Yes, Omega 3 Fats are Paleo!
Understanding Omega Fatty Acids
Fatty acid is a carboxylic acid with long chain which is either saturated or unsaturated. Omega fatty acids are polyunsaturated fatty acids (PUFAs) that are long chain in structure that easily breaks down in the intestine and are used to aid in cell growth, healthy immune system and brain development. They can be found in both animal and plant sources.
Omega fatty acids like Omega 3 and Omega 6 are essential fats (EFAs) that the human body needs to function. These cannot be produced by the body; hence the only source is food. As long as both Omega 3 and 6 are present in the diet, they can be synthesized by body.
In this article, we will focus more on Omega 3 fats.
Types of Omega-3
There are three types of beneficial Omega 3 fatty acids: ALA (alpha linoleic acid), EPA (eicosapentaenoic acid) and DHA (docosahexaenoic acid).
ALA is usually found in plant oils and is rich in seeds such as flax, chia, and hemp and dark leafy vegetables such as spinach. It can also be converted by to body to EPA and DHA but limited.
Both EPA and DHA can be found on marine oils and high in amounts in cold water oily fish like sardines, salmon and herring. They can also be acquired from pastured meats and eggs but in lesser amount. EPA and DHA are natural anti-inflammatory agents and play a role in heart and brain health.
Sources of Omega-3
As we mentioned above, Omega 3 fats can be acquired from both animal and plant sources. But the best source would be from fish. Some varieties have higher doses of Omega 3s than others. The top choices to get higher levels of Omega 3 are salmon, anchovies, herring, mackerel, lake trout, sardines, swordfish and tuna.
Green leafy vegetables like spinach, kale, collard greens and broccoli can also supply Omega 3s too. Some nuts and seeds can be a good source of Omega 3 such as walnuts, pistachios, hazelnuts, almonds, chia and flax. Other healthier choices include avocados, free-range eggs and grass-fed beef.
If you are not a fan of fish and vegetables, you can opt to fish oil. When choosing the right fish oil, consider the following factors: purity, freshness, potency, nutrients, bioavailability, sustainability and cost.
Benefits of Omega-3
Omega 3 fatty acids are good fats and offer a number of benefits that’s why it is highly recommended to be incorporated especially in the Paleo diet.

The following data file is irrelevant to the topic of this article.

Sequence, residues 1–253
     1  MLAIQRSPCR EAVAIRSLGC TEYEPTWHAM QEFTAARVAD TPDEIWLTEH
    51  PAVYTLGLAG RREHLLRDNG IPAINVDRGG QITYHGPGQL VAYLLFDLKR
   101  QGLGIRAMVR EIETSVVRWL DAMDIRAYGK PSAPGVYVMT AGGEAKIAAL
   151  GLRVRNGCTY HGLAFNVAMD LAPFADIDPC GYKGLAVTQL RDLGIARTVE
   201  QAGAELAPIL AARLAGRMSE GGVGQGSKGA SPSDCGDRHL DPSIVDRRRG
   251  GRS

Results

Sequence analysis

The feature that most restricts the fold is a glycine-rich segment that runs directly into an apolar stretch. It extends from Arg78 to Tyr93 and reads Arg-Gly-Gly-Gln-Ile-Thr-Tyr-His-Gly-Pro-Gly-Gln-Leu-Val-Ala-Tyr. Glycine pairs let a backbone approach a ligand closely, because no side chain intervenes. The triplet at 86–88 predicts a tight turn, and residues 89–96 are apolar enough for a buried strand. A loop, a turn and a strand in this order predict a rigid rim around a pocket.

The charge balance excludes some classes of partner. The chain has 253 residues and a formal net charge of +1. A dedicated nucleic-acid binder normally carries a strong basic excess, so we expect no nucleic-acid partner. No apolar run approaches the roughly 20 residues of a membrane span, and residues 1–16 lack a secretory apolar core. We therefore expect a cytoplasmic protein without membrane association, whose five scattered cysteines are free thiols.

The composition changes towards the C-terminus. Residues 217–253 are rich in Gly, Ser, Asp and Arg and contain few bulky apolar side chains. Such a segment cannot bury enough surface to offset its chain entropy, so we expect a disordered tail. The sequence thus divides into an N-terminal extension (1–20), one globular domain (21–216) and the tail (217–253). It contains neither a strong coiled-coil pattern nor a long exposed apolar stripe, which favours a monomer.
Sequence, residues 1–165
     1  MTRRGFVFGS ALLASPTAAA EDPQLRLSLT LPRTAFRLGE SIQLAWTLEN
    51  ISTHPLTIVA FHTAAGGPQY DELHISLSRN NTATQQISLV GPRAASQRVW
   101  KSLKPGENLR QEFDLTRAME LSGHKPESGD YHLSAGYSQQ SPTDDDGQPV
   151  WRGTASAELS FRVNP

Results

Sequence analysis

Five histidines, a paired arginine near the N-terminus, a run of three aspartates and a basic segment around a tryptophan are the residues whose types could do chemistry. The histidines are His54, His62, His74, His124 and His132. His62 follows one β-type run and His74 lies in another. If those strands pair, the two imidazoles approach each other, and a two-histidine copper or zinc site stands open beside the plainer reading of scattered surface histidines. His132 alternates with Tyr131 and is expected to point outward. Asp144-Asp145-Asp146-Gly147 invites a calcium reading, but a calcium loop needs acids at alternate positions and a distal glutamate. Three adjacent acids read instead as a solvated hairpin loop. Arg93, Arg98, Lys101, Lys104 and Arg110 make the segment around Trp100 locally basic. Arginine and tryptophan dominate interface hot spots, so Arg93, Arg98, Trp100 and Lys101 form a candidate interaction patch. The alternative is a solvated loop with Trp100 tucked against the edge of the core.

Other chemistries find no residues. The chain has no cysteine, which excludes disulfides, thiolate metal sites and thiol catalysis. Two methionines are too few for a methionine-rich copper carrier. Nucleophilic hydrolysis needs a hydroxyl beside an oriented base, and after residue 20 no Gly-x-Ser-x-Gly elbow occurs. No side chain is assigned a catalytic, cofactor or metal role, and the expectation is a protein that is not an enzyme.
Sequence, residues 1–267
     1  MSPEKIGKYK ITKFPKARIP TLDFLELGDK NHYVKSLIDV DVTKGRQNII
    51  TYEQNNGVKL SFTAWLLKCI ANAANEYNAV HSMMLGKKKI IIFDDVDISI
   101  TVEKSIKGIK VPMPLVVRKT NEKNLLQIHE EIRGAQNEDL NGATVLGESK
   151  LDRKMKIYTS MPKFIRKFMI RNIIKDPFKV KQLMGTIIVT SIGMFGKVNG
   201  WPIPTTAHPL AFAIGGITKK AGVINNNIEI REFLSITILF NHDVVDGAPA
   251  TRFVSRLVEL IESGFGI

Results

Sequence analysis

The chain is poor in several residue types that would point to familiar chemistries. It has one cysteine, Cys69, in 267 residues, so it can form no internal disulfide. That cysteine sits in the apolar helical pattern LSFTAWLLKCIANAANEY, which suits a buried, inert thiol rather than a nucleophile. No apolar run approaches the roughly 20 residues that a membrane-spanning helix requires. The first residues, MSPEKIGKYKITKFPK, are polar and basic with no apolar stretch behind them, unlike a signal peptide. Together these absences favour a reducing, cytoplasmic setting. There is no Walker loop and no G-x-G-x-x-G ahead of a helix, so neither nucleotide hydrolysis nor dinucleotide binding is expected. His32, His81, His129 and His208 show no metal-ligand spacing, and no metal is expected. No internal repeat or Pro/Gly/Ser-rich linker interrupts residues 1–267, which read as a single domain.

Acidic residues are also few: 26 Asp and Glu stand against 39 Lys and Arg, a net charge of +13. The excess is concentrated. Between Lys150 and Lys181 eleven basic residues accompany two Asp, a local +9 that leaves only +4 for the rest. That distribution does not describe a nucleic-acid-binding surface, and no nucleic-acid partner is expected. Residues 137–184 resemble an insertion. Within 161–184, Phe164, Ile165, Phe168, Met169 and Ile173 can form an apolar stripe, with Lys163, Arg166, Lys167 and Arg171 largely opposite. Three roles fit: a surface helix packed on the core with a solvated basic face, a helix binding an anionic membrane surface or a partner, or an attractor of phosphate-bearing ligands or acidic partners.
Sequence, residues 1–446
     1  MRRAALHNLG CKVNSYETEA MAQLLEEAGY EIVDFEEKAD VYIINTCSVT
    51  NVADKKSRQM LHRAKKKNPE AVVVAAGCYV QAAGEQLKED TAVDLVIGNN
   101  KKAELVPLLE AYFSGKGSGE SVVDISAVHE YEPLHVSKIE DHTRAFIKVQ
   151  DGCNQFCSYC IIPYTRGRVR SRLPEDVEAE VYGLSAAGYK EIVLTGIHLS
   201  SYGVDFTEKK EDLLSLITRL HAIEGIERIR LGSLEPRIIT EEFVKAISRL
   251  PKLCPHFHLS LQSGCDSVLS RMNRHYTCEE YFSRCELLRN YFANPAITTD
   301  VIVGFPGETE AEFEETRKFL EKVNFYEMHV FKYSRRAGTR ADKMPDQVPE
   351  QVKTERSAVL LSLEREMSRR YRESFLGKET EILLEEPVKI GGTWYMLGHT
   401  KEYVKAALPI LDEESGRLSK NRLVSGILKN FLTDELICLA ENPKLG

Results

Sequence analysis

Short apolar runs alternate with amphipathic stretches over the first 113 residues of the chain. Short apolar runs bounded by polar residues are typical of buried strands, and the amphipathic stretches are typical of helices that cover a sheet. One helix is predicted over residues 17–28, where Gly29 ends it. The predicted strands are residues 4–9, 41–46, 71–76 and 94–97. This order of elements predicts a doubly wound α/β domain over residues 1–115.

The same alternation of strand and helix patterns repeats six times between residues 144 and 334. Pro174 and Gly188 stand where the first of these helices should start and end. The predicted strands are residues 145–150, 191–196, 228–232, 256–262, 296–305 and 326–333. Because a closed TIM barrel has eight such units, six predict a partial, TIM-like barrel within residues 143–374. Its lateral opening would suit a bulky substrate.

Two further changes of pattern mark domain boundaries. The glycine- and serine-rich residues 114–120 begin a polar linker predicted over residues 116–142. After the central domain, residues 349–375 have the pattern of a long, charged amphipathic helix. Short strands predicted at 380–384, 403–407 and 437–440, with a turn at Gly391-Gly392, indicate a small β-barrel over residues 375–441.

- Omega 3 is anti-inflammatory. It can either reduce the risk or reverse inflammation. It prevents swelling and incapacitation of tissues
- Omega 3 can promote heart health. This can lower the levels of triglycerides in the blood and help lower the risk of heart diseases such as abnormal heart rhythms, high blood pressure and stroke
- It can improve mood regulation and better behavioral functioning
- Lower the risk of depression, arthritis, multiple sclerosis, diabetes and cancer
- Promotes healthier and stronger bones
- Improves mental health, brain function, memory and cognition and reduce risk of dementia and Alzheimer’s disease. Some studies have shown that omega 3 can ease the symptoms of ADHD
Too Much Omega 3 Is Also Bad…
Omega 3 fatty acids come with a variety of health benefits. But consuming high doses is not good for the body. It can cause problems such as altered immune function that can lead to slower response to infection and even prostate cancer.
As the song goes, “Too much of something is bad enough!” Limit your consumption as to what you think is needed by the body.
Click here to see what other oils are Paleo approved.
What Experts Say About Omega 3 Fats.. Are They Paleo?
“In addition to reducing the risk for heart disease, regular consumption of fish or supplemental omega-3 fatty acids may be helpful in preventing, treating, or improving a wide variety of diseases and disorders, including but not limited to virtually all inflammatory diseases (any disease ending with “itis”), rheumatoid arthritis, inflammatory bowel disorders (Crohn’s disease, ulcerative colitis), periodontal disease (gingivitis), mental disorders (autism, depression, postpartum depression, bi-polar disorder, borderline personality disorder, impaired cognitive development in infants and children), acne, asthma, exercise induced asthma, many types of cancers, macular degeneration, pre-term birth, psoriasis, insulin resistance, type 2 diabetes, cancer cachexia, intermittent claudication, skin damage from sunlight, IgA nephropathy, lupus erythematosus, type 1 diabetes, multiple sclerosis, and migraine headaches.” – Dr. Loren Cordain
“..the more omega-3 fat you eat, the less omega-6 will be available to the tissues to produce inflammation.” – Chris Kresser
“Supplementing your diet with a high-quality omega-3 fatty acid supplement is, in our estimation, one of the best things you can do for your body.” – Mark Sisson
All you ever wanted to know about Omega 3 Fats and Paleo
Chris Kresser. How too much omega-6 and not enough omega-3 is making us sick
Mark’s Daily Apple. More on Omega
Chris Kresser. Why fish stomps flax as a source of omega-3
Mark’s Daily Apple. The Definitive Guide to Fish Oils
The Paleo Diet. Omega 3 Fatty Acid Content of Fish and Seafoods
Chris Kresser. How much omega-3 is enough? That depends on omega-6.
The Paleo Diet. Omega-3 VS. Omega-6: Rethinking the Hypothesis
Paleo Leap. Fish Oil and Paleo
Ultimate Paleo Guide. The Ultimate Paleo Guide To Fish Oil: Omega-6 & Omega-3
Robb Wolf. Fish Oil
Mark’s Daily Apple. Why the Omega-3/Omega-6 Ratio May Not Matter After All
Paleo Diet ++. Paleo Guide to Fish Oil
Whole 9. Whole9’s Official Fish Oil (Omega-3) FAQ
Omega 6 and 3 in nuts, oils, meat and fish. Tools to get it right.
Living Paleo. Omega 3 Fish Oil
Paleo Blog. Good Omega-3 Fat Food Sources
Oregon State University. Excess omega-3 fatty acids could lead to negative health effects
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photo credit: Product Photography – Omega 3 6 9 – Top down